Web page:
Being a professional or being professional?

The questions conflate two ideas, one about 'being a professional' and the other 'being professional' (unfortunately the word 'professionalism' is used to describe both).  An exercise I carried out a few years ago with a group of mid-career doctoral candidates was to consider first what it means to be a professional, then secondly to be professional or act professionally.  The difference in the two lists was revealing. 

Being a professional suggests things such as being qualified (however defined) and practising in a definable area, having expertise based on a deep level of knowledge, and having a commitment to the area of practice - possibly (but not necessarily) through being a member of a relevant professional body.  This is essentially about  occupational identity and status.

Being professional on the other hand is about how one chooses to practise, and is about judgement, principles and ethics. 

Ideally, but certainly not always, the two things coincide.

  • I was trying to add this in as an overall comment, not as an extra category.  Essentially, I think there's one category about definitions - 'am I a professional, more specifically am I an HR professional?' - and another one about professionalism as I would use it, i.e. 'do I act professionally?'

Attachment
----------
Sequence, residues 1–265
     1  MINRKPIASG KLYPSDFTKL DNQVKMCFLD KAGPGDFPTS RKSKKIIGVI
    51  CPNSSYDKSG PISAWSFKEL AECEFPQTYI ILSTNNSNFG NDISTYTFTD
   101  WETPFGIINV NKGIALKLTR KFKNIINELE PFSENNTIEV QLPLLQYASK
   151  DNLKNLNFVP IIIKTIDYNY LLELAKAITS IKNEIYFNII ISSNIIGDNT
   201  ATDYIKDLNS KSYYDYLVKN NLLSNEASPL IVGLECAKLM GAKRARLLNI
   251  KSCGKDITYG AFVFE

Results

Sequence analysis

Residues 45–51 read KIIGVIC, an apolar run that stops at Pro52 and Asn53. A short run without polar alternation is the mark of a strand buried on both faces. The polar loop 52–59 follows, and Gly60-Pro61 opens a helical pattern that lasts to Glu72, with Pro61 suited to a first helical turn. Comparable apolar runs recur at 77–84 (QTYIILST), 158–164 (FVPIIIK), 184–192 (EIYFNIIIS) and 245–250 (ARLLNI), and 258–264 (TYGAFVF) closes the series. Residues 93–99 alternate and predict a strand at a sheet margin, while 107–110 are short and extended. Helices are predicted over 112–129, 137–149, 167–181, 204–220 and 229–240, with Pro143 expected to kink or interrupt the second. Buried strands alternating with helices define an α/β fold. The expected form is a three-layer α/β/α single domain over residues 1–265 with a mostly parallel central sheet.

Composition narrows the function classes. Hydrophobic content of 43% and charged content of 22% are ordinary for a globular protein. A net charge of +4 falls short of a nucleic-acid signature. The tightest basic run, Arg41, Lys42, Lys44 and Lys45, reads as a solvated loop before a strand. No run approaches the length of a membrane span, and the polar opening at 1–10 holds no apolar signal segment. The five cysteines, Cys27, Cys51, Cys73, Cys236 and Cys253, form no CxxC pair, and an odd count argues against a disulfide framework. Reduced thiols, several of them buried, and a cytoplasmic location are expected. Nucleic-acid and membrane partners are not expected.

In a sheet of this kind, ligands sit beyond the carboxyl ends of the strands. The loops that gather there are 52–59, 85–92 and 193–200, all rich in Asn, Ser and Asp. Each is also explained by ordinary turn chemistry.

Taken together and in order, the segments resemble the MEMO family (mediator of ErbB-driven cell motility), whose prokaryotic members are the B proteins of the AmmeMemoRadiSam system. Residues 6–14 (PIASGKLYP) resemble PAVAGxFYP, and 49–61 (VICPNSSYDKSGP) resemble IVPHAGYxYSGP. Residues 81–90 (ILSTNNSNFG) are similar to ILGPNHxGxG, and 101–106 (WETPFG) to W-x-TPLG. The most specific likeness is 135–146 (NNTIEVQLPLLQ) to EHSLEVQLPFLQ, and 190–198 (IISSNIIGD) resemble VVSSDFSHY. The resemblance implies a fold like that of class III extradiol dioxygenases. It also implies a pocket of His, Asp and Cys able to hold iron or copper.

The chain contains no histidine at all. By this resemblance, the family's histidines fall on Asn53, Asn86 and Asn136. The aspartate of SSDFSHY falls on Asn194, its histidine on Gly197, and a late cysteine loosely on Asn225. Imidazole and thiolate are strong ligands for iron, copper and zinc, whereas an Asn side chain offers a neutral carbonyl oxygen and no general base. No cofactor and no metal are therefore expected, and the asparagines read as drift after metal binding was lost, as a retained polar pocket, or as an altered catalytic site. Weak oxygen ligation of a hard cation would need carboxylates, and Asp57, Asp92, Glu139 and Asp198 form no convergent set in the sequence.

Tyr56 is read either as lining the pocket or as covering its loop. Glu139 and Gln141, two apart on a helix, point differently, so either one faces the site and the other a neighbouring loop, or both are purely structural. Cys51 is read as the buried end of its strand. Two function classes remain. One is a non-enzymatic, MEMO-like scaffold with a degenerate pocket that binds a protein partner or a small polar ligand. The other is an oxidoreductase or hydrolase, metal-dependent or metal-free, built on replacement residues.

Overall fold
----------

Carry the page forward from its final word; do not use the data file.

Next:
• It is hard to think of an example when it would be acceptable to be unprofessional from an individual's or end-user perspective regardless of professional status. Those acting judicially  in accordance with their principles and ethics may not consider themselves as being professional but being true to their own values.

  • Being professional is based on your on composure under circumstances in which your professionalist subject (expertise) tells you different

  • I think that the profession is still suffering from a lack of respect from other business people. Accountants and other business professionals must undergo stringent training and assessments in order to enter the profession, unfortunately that isn't thecase for many HR practitioners/ professionals. 'Being professional' will go a long way in helping HR people assert their presence and impact.

  • Both is very much required